Fairness of Foreign Scholarship Policy: Two Cents

Last month blogger Miss Catherine Jaevans shared her perspectives about foreign scholarship policy in a guest post, and her piece of writing set off a fair bit of thoughtful commotion in cyberspace. A netizen, who prefers to be known as DKSG, had harsh soul-searching advice for those still living under a rock. It goes:

"Let us look at the bigger picture with regards to the tertiary education system in Singapore. While I don't claim to be the authority on this social issue, I believe we need to be objective here- Singapore is not just competing against foreigners coming into Singapore or studying in Singapore. We Singaporeans are competing against the rest of the world.

Assuming Singapore decides not to accept foreigners, do you really believe they have nowhere else to head to?

Let's be truthful for one second; however discontented and angry we Singaporeans are ,we know today we have morally decent foreign talents in our community who are willing to fight alongside us when crunch time comes. Some of them are married here, some of them are PR here and some have obtained local citizenship. Shouldn't that count for something?

Students lament with the influx of foreigners, they face greater stress, biasedness and enjoy lesser opportunities to succeed in life. From a local's standpoint, why should someone who might simply come and go enjoy more privileges than I do? Take a step back now and think: have you been truly objective when making such judgment calls, or emotionally biased right from the get-go?

Are all stresses bad ? 10 years ago, I was a NUS CS student who graduated with an honours degree. During those times, we already had this foreign scholarship policy up and running; everywhere I see Chinese, Vietnamese, Indonesians, Malaysians and students of other nationalities (though in smaller numbers). In all honesty, for me it's probably hard to tell if it's really more stressful. I can't even decide if the stress we are under comes from competing against foreigners or against my own local peers. As far as the rest of the students around me are concerned, all are of equal abilities. In that consideration you cannot simply take 2 different perspectives, measure against each other and declare a superior one. A local is not necessarily better than a foreigner, and vice-versa.

One thing I know is I embrace competition, and healthy forms of competition is nothing short of being beneficial to me and my peers. Please be mindful, Singapore is competing against the rest of the world. We are nowhere as gigantic as China where we can simply close doors and interact with one another in bliss. Bear in mind whatever skill sets you acquire in reality are ultimately utilized to survive well against the rest who are more advanced and in better situations than Singapore. Keep this in mind, and don't fall into the pit thinking just because you won against your own peers, therefore you are better. You are probably just a frog in the well.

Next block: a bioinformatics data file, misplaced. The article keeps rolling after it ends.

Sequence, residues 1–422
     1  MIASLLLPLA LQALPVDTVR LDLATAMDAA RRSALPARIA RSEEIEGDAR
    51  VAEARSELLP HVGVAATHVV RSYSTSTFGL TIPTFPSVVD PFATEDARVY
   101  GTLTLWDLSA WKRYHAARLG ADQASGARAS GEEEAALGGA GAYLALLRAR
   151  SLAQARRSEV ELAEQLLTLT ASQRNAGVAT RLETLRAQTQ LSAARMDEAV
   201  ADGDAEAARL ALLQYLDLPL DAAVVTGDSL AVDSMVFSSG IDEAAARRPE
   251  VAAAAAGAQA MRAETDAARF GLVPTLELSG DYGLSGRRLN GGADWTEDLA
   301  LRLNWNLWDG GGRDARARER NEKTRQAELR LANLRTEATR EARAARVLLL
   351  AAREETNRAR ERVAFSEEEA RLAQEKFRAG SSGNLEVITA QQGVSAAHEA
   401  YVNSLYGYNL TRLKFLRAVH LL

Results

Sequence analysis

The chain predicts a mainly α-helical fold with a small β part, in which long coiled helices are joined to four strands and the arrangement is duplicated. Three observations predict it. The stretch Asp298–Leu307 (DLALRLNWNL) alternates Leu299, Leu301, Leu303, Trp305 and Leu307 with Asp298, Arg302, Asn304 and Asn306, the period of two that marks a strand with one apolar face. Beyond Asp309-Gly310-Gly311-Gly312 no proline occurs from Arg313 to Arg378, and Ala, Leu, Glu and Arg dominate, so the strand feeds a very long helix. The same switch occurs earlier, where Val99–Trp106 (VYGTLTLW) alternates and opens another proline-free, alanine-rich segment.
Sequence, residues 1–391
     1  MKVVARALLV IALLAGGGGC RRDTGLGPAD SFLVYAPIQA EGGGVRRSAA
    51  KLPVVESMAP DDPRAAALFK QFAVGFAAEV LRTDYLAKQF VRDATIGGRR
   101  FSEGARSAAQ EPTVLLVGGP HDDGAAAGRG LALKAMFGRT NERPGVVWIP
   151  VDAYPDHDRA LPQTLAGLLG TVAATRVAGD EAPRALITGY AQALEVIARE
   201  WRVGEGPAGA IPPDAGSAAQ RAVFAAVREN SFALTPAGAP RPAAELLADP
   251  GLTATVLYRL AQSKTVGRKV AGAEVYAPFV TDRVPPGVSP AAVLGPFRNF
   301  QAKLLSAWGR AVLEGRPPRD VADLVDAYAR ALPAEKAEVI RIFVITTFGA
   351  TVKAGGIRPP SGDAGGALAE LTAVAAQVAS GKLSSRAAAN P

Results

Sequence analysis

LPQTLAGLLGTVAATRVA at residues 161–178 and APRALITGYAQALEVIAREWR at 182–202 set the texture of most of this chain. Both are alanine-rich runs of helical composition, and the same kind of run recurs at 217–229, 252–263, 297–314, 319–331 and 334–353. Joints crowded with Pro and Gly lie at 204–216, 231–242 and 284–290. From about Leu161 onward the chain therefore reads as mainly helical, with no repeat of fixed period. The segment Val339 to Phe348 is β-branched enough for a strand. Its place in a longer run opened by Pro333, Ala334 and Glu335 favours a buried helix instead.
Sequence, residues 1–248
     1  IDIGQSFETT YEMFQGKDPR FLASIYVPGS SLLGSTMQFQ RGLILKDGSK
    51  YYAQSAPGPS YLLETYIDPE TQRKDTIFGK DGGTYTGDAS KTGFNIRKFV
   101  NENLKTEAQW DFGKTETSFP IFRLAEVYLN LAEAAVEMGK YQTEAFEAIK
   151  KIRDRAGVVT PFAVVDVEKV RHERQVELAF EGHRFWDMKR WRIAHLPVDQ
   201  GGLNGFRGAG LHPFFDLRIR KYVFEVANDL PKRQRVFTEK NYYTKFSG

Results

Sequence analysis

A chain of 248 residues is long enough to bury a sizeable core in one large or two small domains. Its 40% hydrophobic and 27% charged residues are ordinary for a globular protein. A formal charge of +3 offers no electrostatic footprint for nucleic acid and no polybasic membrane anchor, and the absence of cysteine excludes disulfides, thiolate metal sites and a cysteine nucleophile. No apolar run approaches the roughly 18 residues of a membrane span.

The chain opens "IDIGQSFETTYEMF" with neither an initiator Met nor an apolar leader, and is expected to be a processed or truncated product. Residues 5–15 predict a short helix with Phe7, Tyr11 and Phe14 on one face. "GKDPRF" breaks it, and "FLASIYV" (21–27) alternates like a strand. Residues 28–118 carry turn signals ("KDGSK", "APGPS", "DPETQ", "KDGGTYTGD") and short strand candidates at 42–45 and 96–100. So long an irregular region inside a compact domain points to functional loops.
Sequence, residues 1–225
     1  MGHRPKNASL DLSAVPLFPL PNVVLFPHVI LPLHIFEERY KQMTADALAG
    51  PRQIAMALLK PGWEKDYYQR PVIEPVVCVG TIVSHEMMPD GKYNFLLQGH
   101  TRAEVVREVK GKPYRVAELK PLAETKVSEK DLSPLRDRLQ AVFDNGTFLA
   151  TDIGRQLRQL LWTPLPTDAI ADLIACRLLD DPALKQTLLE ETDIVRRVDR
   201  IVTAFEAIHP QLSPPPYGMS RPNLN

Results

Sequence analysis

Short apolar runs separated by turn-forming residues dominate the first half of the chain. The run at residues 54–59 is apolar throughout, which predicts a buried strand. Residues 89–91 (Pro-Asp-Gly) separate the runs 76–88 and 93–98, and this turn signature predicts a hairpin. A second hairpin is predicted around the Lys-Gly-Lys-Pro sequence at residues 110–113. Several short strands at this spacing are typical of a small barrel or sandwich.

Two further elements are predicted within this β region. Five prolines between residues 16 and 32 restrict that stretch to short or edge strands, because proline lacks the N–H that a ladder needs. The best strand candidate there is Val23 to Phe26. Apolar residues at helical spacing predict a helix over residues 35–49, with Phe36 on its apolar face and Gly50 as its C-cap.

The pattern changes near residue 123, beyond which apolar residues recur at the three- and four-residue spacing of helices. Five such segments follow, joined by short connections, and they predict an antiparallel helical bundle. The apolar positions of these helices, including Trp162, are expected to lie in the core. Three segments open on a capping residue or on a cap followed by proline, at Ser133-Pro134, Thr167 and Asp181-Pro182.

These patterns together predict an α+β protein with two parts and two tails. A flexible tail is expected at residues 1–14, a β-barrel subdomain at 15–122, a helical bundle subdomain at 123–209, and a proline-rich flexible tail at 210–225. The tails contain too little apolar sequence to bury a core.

I love to compete against the foreigners. One thing is the pride of being a Singaporean, the other is you are competing with foreign talents and this is as real as it gets in any bustling, efficient education system. When you compete with the foreigners, your deficiencies are much more easily revealed and at the same time you get to learn about the strengths of your foreign peers. That's when you are able to begin improving yourself in areas you have not previously considered. Whilst Singapore lives with its own set of rules, people from other parts of the world play by another set. If Singapore is to be authentically competitive on the international stage, we will have to make considerable adjustments and adhere to a set of global specifications.

When you are standing on your homeland and yet you can't compete against others or are not willing to do so, then you don't deserve to belong to this land. The fact that only the fittest survive works everywhere. The fact that Singapore is small and does not own any natural resources except our talents is pretty much undeniable. Accept these facts and we might flourish. Live in denial and we will eventually perish. The only way we can continue to survive as a nation is to earn and command the necessary respect/admiration from the global community, not just today but more importantly tomorrow. How tomorrow turns out is extremely contingent on one's desire to strive and fight hard. If you are not willing to do so, then be prepared to wither.

The ranking of our universities are determined by how good our students fare compared to the rest of the world. If we really desire to be the best we can be, then we should learn to cooperate, rather than turn to shutting out foreigners altogether.

I strongly urge students with such mentality to change and take a broader view of the world you are living in. Don't be complacent thinking that less competition is better for you. It definitely isn't. Don't keep on whining that you are not able to become better than the foreigners; we should be ashamed of ourselves for whining about foul play all the time, when winning actually involves a simple shift in mindset to sharpen our competitive edges.

When I keep on hearing such defeatist sentiments, I sometimes wonder if Singaporean students are made of tofu. We should have the 遇强则强(grow stronger against a strong opponent) spirit. That's how we keep up with others. Self-isolation will never make Singapore stronger, on the contrary it will weaken the country. It wouldn't give you a more stable future since the rest of the world is getting better each day. We can't afford to keep the status quo and not adapt. So think wisely."


The Czar (Site Founder)

Dated 3 June 2013


Cyber-Wellness Programmes: Raising Collaboration And Interactivity

Taking up a 3rd language-some key issues

Do you really have no time to study?